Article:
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Depression is a major and often underrecognised problem after stroke. The prevalence of poststroke depression (PSD) ranges between 20% and 65%1 2; in a recent population based Finnish study it ranged between 41% and 51% during the first year.2 It may be associated with reduced satisfaction with life3 as well as with lowered functional ability of stroke patients,4-6 and appropriate treatment of PSD might facilitate their rehabilitation and improve their quality of life.

The influence of antidepressive drug treatment on the outcome of stroke patients is still an open issue. Nortriptyline has been shown to relieve PSD, but its usefulness is limited because of frequent adverse effects.7 8 Mianserin has been combined with either imipramine or desipramine in one study in which the first combination proved to be more effective in treatment of PSD.9 Recently it was also shown that citalopram is both safe and effective.10

Mianserin is a tetracyclic antidepressant drug that is widely used. Its efficacy has been found comparable with that of tricyclic antidepressant drugs.11 12 It has only minor anticholinergic activity13 and no adverse cardiovascular effects,14 and is relatively safe even in overdoses15; however, it does have some risk for causing leucopenia and agranulocytosis.16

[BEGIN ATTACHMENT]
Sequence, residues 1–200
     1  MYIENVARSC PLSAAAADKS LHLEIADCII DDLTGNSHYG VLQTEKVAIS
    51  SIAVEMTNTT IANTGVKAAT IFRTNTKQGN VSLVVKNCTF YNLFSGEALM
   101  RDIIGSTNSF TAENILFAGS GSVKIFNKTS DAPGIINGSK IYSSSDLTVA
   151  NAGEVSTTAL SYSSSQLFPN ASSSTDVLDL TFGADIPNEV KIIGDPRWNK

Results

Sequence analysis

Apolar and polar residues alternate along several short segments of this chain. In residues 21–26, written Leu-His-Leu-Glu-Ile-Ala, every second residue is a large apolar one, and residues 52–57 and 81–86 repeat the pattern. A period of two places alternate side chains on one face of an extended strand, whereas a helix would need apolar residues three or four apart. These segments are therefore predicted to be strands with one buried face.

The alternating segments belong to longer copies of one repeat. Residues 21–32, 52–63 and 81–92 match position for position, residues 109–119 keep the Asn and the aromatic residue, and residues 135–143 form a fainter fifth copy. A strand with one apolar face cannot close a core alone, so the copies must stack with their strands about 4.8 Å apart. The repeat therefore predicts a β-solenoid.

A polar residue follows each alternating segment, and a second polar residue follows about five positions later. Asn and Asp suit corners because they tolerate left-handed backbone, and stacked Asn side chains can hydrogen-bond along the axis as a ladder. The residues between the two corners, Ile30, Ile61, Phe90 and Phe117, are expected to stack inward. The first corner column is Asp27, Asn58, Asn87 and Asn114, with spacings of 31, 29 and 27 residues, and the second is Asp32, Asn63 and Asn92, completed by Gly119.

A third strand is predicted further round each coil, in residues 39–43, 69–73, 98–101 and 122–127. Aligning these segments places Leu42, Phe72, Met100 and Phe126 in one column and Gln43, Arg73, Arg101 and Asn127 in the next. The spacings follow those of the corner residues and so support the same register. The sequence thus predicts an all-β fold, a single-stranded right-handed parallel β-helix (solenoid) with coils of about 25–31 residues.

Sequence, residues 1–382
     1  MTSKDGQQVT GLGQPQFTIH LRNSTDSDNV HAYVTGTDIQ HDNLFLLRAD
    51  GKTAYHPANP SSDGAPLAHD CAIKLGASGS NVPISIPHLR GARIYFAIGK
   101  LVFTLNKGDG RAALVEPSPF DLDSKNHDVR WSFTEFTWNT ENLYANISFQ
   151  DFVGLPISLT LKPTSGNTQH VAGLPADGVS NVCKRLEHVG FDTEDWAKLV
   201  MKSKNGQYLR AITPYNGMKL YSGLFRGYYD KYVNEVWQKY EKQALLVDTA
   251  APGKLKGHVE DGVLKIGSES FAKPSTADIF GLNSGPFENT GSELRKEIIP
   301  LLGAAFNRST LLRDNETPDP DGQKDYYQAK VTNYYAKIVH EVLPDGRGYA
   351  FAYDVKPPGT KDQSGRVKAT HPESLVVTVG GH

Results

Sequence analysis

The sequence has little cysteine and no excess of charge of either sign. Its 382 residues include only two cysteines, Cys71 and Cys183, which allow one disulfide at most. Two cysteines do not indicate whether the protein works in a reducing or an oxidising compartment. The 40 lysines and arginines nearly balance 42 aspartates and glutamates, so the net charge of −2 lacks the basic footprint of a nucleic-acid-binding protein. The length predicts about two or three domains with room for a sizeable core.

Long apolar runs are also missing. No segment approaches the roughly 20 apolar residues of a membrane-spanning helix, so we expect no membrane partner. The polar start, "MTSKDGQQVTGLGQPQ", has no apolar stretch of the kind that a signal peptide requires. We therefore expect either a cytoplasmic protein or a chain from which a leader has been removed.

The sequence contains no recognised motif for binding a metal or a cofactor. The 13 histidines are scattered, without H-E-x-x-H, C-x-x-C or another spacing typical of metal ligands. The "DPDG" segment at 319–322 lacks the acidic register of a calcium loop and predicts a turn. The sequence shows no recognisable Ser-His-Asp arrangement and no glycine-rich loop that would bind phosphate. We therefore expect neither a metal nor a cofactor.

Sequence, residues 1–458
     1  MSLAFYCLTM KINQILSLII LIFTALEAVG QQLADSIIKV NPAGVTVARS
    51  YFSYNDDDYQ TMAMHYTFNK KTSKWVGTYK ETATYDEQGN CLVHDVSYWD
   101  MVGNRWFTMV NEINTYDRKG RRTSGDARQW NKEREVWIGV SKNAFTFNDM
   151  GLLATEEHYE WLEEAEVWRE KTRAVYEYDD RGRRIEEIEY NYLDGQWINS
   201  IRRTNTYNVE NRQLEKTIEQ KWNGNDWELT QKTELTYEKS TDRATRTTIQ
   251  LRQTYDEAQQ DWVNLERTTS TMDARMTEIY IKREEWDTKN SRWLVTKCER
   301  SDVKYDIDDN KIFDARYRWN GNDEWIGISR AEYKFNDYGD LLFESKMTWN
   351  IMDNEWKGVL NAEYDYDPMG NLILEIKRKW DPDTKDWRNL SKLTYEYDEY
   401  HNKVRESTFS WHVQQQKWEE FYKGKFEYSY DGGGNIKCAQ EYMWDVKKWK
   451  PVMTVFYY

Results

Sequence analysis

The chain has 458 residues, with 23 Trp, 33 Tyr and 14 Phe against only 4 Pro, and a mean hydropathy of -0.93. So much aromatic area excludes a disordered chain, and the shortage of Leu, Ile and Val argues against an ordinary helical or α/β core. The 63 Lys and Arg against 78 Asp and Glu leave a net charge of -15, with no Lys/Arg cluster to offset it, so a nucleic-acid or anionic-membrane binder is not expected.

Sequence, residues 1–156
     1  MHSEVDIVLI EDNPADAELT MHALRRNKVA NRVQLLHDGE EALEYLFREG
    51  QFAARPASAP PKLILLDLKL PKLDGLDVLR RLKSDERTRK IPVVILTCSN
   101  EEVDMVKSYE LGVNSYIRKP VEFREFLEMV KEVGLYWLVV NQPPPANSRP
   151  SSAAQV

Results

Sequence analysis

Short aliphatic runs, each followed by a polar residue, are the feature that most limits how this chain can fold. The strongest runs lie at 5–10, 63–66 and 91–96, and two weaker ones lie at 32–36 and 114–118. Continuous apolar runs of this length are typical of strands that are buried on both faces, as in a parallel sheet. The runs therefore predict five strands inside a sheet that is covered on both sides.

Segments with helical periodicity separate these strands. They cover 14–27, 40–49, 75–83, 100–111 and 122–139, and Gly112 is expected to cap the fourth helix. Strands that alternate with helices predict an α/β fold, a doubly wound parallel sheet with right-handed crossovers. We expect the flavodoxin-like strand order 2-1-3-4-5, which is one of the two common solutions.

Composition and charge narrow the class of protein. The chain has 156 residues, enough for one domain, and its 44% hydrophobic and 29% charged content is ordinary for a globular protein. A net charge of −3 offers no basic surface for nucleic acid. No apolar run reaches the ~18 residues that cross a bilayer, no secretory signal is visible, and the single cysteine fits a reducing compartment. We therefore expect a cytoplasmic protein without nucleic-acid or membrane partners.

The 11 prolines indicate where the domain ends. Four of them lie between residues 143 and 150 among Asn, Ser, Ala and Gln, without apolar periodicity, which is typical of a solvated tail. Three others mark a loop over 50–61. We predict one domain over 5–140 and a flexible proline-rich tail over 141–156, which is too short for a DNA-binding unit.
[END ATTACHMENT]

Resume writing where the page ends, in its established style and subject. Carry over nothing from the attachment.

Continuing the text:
The purpose of this study was to examine (1) whether prophylactic antidepressant treatment with mianserin is able to prevent PSD, and (2) whether mianserin as an antidepressant drug has a beneficial influence on the outcome of ischaemic stroke.

Patients and methods

The study covered 100 consecutive patients under 71 years of age and admitted to hospital for an ischaemic stroke in the Department of Neurology, University of Helsinki. Older patients were excluded because of a reported higher risk of leucopenia in elderly patients receiving mianserin.16 Patients were eligible for the study if they had symptoms and signs of acute ischaemic stroke that had occurred not more than 30 days earlier, and if the CT or MRI was compatible with the clinical diagnosis. Patients were not included if they had other diseases severe enough to confound the assessments of stroke outcome (for example, severe cardiovascular or renal or liver disease, psychosis, alcoholism, or dementia). Those currently on antidepressive medication were also excluded.